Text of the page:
Thanksgiving Day marked the movie classic "Casablanca's" 70th anniversary. The film is high on critics and fans list of favorites. "Casablanca's" dialogue includes the most heavily quoted movie lines of all time; example: "We'll always have Paris." The theme song, "As Time Goes By," has also endured.
Rushed into pre-release in 1942 to take advantage of the Allies' recapture of Casablanca from the Nazis, "Casablanca" received eight 1944 Academy Award nominations and won three: best picture, best director (Michael Curtiz) and best screenplay (Julius and Philip Espstein with Howard Koch). Since the general release date was January 1943, the film did not qualify for the 1943 Oscar ceremony.
Humphrey Bogart received a best actor nomination but inexplicably lost out to James Cagney for his portrayal of George M. Cohan in the biographical musical "Yankee Doodle Dandy." Before 1942, Bogart and Cagney most often played gangsters.
While casting "Casablanca," producer Hal Wallis caught a break. Wallis' first choice for Rick Blaine was another notorious screen tough guy, George Raft. When Raft turned Wallis down, the producer then turned to a star who had a good-guy image, Ronald Reagan. In the end, Bogart accepted the Blaine role and went on to become one of Hollywood's most enduring superstars.
To play across Bogart as Rick's lover Ilsa Lund, Ingrid Bergman was one of the last actors considered. Wallis' early choices included the popular Ann Sheridan, Hedy Lamarr and Vivien Leigh before he fortuitously settled on Bergman. Few acting pairs in cinema history are more famous than Bogey and Bergman in "Casablanca."
But while celebrating "Casablanca's" anniversary by watching it on the special DVD edition that includes lost scenes and an introduction by Lauren Bacall, one of Bogart's four wives, I learned something troubling.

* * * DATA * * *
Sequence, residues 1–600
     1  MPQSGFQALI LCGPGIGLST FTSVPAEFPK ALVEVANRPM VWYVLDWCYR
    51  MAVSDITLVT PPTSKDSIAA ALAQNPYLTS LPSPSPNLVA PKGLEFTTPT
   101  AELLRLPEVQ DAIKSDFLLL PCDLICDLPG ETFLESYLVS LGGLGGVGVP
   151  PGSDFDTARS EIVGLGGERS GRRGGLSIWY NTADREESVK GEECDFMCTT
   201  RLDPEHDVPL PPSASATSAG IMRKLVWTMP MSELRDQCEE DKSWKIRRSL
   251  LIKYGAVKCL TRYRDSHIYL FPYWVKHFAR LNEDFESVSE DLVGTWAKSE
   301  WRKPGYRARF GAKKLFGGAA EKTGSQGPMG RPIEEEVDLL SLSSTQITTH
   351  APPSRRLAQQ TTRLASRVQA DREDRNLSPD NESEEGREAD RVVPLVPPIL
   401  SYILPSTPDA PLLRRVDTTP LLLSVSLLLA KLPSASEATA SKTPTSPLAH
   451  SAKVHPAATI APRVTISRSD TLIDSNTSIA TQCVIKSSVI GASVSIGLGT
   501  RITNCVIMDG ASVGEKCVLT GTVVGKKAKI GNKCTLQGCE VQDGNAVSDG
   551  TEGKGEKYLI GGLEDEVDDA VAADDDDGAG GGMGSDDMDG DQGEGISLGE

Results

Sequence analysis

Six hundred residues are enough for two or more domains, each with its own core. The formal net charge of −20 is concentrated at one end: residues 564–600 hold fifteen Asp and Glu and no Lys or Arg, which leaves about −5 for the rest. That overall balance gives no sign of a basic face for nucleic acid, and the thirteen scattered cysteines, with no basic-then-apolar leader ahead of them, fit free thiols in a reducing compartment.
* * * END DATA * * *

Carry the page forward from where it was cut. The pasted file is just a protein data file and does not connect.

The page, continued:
Unthinkable though it may be, a "Casablanca" sequel is in the works. Hollywood loves sequels: "Jaws" 1, 2, 3 and 4; "Halloween," 10 and counting. Even though they rarely succeed — the exceptions are "The Godfather" I, II and III and "Star Wars" — it's easier for Hollywood to redo a tried-and-true script than to write a new, creative one. Such is the dearth of today's Tinseltown talent.
Several earlier "Casablanca" redo scripts never got Hollywood moguls' OK. But one version written sometime during the late 1980s by Howard Koch, one of the 1943 "Casablanca" screenplay authors, is still under consideration. Titled "Return to Casablanca," the story picks up where the original left off. Ilsa has safely returned to America and, along with two other principal characters, Victor Laszlo and Captain Renault, is trying to get back in touch with Rick, who remained in North Africa. Ilsa's main motivation is that she has had a child, Rick's baby. While the new plotline is plausible enough, no audience that has seen the original will be satisfied.
Explaining why "Casablanca" is as popular today as ever, Noah Isenberg, who directs New York's Screen Studies Program at the New School's Eugene Lang College, points to Bogart and Bergman's iconic performances as well as a storyline which "plays directly to our common humanity. There's personal sacrifice for the greater good in Rick's relinquishing of Ilsa, the love of his life."
A sequel would be doomed. No actor can substitute for Bogart and Bergman. And no make-over can convey the "common humanity" theme found in the original. Let well enough alone. Rent the anniversary DVD to appreciate "Casablanca" the way it should be enjoyed.
Joe Guzzardi was born in Hollywood where everyone eats, sleeps and drinks the movies. Contact Joe at email@example.com.